Architect proposes Ruskin Historic District
By MELODY JAMESON
RUSKIN – Emphasizing its multiple economic benefits, an architect here is initiating efforts to designate portions of this 100-year-old community as a historic district.
Holly Swanson, a Ruskin resident for the last four years who practices with a Tampa architectural firm, pointed to the number of structures from Ruskin’s past still in use in the center of the community as she talked about the process and the results of creating a historic district formally designated on county, state and federal levels. “I think Ruskin is a perfect candidate for a historic district,” she noted, adding “it would help preserve the community’s priceless character while also bringing desirable economic benefits.”
Historic districts, whether on local or national levels, include buildings or properties or sites that are considered architecturally or archeologically significant, as well as non-historic structures, Swanson said. Such districts can vary radically in size, from encompassing hundreds of buildings to including a mere handful, she added. And, on the federal level, for example, their structures may be considered significant because they contributed to a broad pattern in history or because they exhibit distinctive design characteristics or because they are connected to individuals outstanding in the historic record or because they yield information important to history.
Actual, determined historic preservation dates back to 17th century England when it became fashionable to study and maintain things antiquarian, the architect said. America’s first historic preservation efforts were George Washington’s headquarters in Newburgh, New York, followed by Washington’s Mount Vernon estate named an American historic site in 1858. The first U.S. historic preservation ordinance was drafted in Charlotte, South Carolina, in 1930, she added, and the National Register of Historic Places was created by law in 1966.
Closer to home, Swanson noted that Florida has a network of several organizations focused on historic preservation up and down the peninsula and at the county level Hillsborough has an active historic site preservation board. Geographically, the nearest nationally designated historic district is the heart of old Ybor City, she added.
As for a Ruskin historic district, Swanson said she believes the first step should be taken toward the county board and in the form of letters of interest produced by property owners within the proposed district. The prospective district can be loosely defined and does not have to be contiguous, but logically would include such historic structures as the homes of the first Ruskin College leaders now occupied by Dr. Arthur “Mac” Miller and his family and by the Ruskin Women’s Club, plus the college arts and drama center recently restored by its owner, Conrad Peterson. There also are other buildings dating from the first college era now in use close to the downtown area as well as structures indicative of the community’s later history that could be included, the architect pointed out.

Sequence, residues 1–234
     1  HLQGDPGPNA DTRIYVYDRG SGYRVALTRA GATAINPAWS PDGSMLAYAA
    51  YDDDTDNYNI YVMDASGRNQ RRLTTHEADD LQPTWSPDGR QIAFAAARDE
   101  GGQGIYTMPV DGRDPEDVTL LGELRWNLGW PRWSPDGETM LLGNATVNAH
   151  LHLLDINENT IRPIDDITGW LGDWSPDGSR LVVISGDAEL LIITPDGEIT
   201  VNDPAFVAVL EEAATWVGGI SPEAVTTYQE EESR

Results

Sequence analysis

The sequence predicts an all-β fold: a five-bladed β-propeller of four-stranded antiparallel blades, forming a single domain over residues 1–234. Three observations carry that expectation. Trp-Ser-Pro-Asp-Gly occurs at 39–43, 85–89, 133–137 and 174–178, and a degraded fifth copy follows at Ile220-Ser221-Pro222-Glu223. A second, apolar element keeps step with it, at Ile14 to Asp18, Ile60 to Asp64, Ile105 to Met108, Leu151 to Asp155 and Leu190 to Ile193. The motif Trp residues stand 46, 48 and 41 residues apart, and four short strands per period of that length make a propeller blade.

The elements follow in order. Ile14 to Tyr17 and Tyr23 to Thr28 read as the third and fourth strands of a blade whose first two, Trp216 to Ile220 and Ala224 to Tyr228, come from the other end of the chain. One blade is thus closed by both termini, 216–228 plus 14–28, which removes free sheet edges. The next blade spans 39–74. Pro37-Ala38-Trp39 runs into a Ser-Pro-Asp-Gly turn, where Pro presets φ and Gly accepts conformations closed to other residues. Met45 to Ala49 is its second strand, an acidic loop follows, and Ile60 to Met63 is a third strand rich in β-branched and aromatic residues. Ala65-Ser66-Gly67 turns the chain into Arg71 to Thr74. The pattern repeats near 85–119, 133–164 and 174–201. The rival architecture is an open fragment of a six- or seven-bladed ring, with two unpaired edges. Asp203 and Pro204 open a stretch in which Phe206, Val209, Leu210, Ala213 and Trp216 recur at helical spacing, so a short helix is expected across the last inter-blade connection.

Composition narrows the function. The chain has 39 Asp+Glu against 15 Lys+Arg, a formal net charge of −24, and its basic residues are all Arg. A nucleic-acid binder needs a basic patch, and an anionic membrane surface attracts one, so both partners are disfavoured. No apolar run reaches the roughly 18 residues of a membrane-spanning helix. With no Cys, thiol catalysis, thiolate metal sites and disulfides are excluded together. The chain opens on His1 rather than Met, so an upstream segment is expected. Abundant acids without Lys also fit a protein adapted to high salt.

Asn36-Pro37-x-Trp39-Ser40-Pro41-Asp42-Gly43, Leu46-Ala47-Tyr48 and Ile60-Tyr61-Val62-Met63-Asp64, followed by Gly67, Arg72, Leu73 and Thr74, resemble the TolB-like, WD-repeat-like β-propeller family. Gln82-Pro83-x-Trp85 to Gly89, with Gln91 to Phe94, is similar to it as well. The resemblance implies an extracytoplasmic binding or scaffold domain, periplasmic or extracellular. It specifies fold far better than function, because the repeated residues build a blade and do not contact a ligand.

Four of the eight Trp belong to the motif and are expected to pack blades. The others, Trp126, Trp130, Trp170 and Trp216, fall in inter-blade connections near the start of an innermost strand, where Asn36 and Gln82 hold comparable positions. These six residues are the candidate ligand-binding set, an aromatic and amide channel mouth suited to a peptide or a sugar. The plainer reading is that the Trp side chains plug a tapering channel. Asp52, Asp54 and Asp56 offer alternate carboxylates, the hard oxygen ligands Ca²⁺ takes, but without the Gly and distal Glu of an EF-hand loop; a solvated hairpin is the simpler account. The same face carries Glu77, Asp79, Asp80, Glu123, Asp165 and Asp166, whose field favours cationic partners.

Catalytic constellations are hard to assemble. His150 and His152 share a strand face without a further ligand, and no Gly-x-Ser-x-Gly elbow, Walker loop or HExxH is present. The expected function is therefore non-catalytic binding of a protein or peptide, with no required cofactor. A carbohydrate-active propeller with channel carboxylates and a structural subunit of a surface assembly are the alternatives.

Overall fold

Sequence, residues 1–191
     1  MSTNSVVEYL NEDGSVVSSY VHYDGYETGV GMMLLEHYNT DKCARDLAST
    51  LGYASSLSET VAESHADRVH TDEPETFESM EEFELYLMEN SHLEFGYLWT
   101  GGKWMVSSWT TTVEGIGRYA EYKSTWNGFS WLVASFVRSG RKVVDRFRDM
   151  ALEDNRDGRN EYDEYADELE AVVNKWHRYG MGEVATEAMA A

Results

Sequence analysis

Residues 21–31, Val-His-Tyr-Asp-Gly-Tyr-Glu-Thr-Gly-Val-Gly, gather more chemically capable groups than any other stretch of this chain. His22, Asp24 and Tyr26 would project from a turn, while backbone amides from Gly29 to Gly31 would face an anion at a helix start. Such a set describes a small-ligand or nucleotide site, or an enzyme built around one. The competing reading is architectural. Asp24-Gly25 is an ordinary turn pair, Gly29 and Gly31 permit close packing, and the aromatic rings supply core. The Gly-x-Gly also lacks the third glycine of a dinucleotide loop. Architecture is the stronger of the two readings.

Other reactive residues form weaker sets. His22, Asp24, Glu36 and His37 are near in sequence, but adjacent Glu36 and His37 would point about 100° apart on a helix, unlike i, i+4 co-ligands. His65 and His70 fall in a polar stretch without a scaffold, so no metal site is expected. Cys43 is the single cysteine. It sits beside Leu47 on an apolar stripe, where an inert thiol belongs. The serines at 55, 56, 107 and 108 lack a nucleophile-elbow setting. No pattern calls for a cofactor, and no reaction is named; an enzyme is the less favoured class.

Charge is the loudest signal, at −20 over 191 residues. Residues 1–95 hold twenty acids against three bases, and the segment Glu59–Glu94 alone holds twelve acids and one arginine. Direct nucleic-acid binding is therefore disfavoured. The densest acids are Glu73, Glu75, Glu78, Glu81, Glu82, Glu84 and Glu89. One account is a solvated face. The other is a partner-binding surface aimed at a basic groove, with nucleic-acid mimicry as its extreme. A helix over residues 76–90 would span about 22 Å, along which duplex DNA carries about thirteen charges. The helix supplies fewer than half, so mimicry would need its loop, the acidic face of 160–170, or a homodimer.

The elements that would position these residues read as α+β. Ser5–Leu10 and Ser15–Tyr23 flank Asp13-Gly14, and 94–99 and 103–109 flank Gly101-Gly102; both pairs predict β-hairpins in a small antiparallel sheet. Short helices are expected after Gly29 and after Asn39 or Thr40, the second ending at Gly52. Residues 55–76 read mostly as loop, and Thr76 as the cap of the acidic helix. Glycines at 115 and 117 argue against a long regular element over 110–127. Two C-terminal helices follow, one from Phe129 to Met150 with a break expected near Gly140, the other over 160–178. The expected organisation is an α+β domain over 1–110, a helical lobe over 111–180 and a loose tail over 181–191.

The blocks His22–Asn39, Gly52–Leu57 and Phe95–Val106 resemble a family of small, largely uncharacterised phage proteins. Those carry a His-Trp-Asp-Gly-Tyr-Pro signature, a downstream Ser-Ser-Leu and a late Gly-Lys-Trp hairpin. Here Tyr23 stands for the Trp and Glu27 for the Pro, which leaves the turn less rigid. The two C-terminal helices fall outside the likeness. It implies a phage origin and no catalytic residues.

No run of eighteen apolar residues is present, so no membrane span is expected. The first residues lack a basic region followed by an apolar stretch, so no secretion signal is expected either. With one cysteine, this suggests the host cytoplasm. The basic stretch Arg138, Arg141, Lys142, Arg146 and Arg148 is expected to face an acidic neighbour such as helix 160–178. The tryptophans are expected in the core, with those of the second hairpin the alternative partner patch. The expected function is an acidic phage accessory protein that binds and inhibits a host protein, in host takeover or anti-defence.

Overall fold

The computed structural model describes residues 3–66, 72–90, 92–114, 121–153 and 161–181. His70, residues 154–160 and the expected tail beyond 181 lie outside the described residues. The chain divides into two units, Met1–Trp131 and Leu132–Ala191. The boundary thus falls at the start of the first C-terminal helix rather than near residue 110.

Swanson indicated she saw no reason a Ruskin Historic District could not be proposed eventually for state and national registries.
In terms of economic benefit, the architect said that historic districts underpin heritage tourism and heritage tourism continues to generate high dollar business nationally and in Florida. When a district becomes a focal point for the traveling tourist, not only do the stores and restaurants and hospitality facilities experience increased business, but the heightened activity can lead to more jobs, she noted. In addition, historic districts serve communities on a more focused scale, enabling fund-raising home tours , for instance, she said. What’s more, historic districts can play key roles in redevelopment efforts, she added
“And, most Realtors say that many property owners in a historic district exhibit an enhanced pride of ownership,” Swanson said.
There’s also another consideration in connection with a Ruskin Historic District, the architect allowed. Its namesake, John Ruskin, an English artist and critic, “is credited with establishing the basic theory of preservation.”
Swanson said she plans in forthcoming weeks to contact home and property owners in the pertinent area to survey their interest in supporting the historic district concept in Ruskin.
© 2010 Melody Jameson